REMEMBER THAT GERMAN GOLD REPATRIATION THING? WELL, IT’S GOING ...December 27, 2016
A couple of years ago one of the stories we were watching here was Germany's attempts to repatriate its gold from the New York Federal Reserve, the Bank of England, and the Bank of France, and bring it physically back to the Bundesbank's vaults in Germany. That move, you'll recall, began as a popular movement, rather than within the German government itself. It began first as a request for a full audit of Germany's reserves, reputed to be the second largest in the world after the United States.
At that time, I also pointed out that it was not the first time "something fishy" seemed to be going on with Germany's gold bullion, for I also noted that in his memoirs, former Reichsbank President Hjalmar Schacht, recounted an episode which occurred during his visit to the USA in 1928. Back then, Schacht visited his old friend and the then Governor of the New York Fed, Benjamin Strong, and asked to see the Reichsbank's gold reserves as his host led him on a tour of the New York Fed's vaults. Moments later, the staff came back to the two central bankers to report that they could not find the Reichsbank's gold reserves. Schacht then records a response that seems incongruous, to this day:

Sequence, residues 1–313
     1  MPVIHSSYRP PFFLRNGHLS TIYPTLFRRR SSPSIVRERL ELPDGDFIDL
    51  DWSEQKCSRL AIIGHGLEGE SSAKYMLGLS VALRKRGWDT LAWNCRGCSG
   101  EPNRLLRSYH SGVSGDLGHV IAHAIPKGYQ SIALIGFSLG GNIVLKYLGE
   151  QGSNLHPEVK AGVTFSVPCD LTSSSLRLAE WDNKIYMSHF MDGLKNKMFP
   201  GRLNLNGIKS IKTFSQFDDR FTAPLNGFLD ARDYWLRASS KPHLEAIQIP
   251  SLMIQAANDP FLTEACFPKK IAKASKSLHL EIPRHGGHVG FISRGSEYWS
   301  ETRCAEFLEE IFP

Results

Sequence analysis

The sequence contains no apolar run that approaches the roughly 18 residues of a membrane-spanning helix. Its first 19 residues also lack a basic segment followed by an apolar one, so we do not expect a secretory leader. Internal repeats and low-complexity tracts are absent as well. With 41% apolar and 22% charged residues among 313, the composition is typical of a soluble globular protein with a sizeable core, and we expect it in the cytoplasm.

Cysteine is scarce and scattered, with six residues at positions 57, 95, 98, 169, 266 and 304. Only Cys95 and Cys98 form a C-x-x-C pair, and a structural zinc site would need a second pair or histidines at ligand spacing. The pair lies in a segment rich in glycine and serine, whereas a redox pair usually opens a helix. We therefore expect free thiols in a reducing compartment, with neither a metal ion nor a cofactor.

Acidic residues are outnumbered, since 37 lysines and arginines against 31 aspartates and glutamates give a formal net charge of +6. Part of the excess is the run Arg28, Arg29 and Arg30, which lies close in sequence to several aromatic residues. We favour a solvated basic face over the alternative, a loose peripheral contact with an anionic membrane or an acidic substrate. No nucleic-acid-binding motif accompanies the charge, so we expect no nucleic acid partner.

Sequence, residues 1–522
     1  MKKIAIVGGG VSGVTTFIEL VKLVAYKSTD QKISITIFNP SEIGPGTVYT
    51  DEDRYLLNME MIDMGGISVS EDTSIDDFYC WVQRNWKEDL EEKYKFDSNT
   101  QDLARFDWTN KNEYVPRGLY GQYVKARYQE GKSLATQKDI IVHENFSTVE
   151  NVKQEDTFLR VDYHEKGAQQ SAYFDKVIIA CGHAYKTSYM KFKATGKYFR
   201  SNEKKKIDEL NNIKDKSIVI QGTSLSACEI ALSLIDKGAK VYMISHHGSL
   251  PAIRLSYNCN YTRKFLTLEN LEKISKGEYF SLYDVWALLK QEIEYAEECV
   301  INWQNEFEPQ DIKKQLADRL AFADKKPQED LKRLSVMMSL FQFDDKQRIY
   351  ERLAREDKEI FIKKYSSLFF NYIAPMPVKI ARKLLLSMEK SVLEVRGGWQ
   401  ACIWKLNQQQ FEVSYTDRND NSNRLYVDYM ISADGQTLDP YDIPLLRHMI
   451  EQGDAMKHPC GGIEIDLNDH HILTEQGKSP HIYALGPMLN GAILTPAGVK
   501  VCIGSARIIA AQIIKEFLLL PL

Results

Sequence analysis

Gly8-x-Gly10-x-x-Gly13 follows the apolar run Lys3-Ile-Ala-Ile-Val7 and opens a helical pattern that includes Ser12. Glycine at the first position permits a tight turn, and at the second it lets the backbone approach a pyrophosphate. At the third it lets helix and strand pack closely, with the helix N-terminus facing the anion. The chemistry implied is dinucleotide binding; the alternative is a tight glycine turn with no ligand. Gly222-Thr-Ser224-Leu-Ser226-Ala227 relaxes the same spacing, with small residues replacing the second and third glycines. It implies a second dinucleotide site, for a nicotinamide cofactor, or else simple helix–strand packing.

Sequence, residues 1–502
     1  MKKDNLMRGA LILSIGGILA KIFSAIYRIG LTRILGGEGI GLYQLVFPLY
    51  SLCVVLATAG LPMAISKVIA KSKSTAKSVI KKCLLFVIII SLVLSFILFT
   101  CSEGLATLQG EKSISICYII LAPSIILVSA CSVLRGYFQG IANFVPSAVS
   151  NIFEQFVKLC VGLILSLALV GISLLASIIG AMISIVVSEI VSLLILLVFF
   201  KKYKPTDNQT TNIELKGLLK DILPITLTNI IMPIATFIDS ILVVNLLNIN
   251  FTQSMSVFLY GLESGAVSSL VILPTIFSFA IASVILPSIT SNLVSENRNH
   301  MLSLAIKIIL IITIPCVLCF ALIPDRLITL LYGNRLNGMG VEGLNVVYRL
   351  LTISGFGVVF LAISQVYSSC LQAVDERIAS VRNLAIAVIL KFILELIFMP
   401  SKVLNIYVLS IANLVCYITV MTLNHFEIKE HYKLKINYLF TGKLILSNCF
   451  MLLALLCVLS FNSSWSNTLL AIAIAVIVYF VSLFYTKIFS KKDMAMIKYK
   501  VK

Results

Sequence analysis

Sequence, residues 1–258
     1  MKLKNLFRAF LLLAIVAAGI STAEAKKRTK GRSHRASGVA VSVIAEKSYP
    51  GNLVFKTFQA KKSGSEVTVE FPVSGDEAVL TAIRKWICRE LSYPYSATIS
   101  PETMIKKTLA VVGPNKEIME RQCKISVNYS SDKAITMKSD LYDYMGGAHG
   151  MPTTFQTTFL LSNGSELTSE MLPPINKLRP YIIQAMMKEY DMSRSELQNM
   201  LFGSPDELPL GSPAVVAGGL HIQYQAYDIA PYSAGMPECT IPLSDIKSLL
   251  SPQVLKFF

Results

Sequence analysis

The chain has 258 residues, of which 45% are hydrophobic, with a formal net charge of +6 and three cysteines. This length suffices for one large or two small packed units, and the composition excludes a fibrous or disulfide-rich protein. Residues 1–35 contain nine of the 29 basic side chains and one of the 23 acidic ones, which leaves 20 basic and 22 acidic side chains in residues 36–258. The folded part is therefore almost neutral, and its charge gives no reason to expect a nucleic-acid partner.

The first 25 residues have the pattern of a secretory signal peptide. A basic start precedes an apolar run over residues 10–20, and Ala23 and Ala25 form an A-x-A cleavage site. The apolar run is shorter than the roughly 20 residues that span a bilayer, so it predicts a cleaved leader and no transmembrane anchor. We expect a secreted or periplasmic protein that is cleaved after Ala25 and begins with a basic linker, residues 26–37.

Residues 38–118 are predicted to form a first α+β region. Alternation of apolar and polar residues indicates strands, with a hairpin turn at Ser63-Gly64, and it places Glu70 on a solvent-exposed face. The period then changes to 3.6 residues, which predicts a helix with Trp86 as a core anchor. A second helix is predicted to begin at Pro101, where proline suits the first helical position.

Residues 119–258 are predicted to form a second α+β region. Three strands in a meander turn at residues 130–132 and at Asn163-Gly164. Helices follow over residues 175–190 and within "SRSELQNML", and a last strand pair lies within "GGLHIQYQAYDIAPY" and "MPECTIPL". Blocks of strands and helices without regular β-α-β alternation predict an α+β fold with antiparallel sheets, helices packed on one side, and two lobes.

Another amusing incident arose from the fact that the Reichsbank maintained a not inconsiderable gold deposit in the Federal Reserve Bank in New York. Strong was proud to be able to show us the vaults which were situated in the deepest cellar of the building an remarked:
"Now, Herr Schacht, you shall see where the Reichsbank gold is kept."
"While the staff looked for the hiding place of the Reichsbank gold we went through the vaults. We waited several minutes; at length we were told: "Mr. Strong, we can't find the Reichsbank gold."
Strong was flabbergasted but I comforted him. "Never mind: I believe you when you say the gold is there. Even if it weren't you are good for its replacement." (See Confessions of the Old Wizard: TheAutobiography of Hjalmar Horace Greeley Schacht, Houghton Mifflin: 1956, p. 245.)
And that was that, as far as Schacht was concerned. Not another word is said about it throughout the remainder of his memoirs; the event remained nothing more than an "amusing incident" in a book replete with all manner of insider financial revelations, and Schacht was nothing if not the consummate "insider". Among the many other "revelations" recorded are the fact that Sir Charles Addis "who had spent many years as head of the Hong Kong and Shanghai Banking Corporation" had become, by 1929, "a member of the Board of the Reichsbank." (p. 233)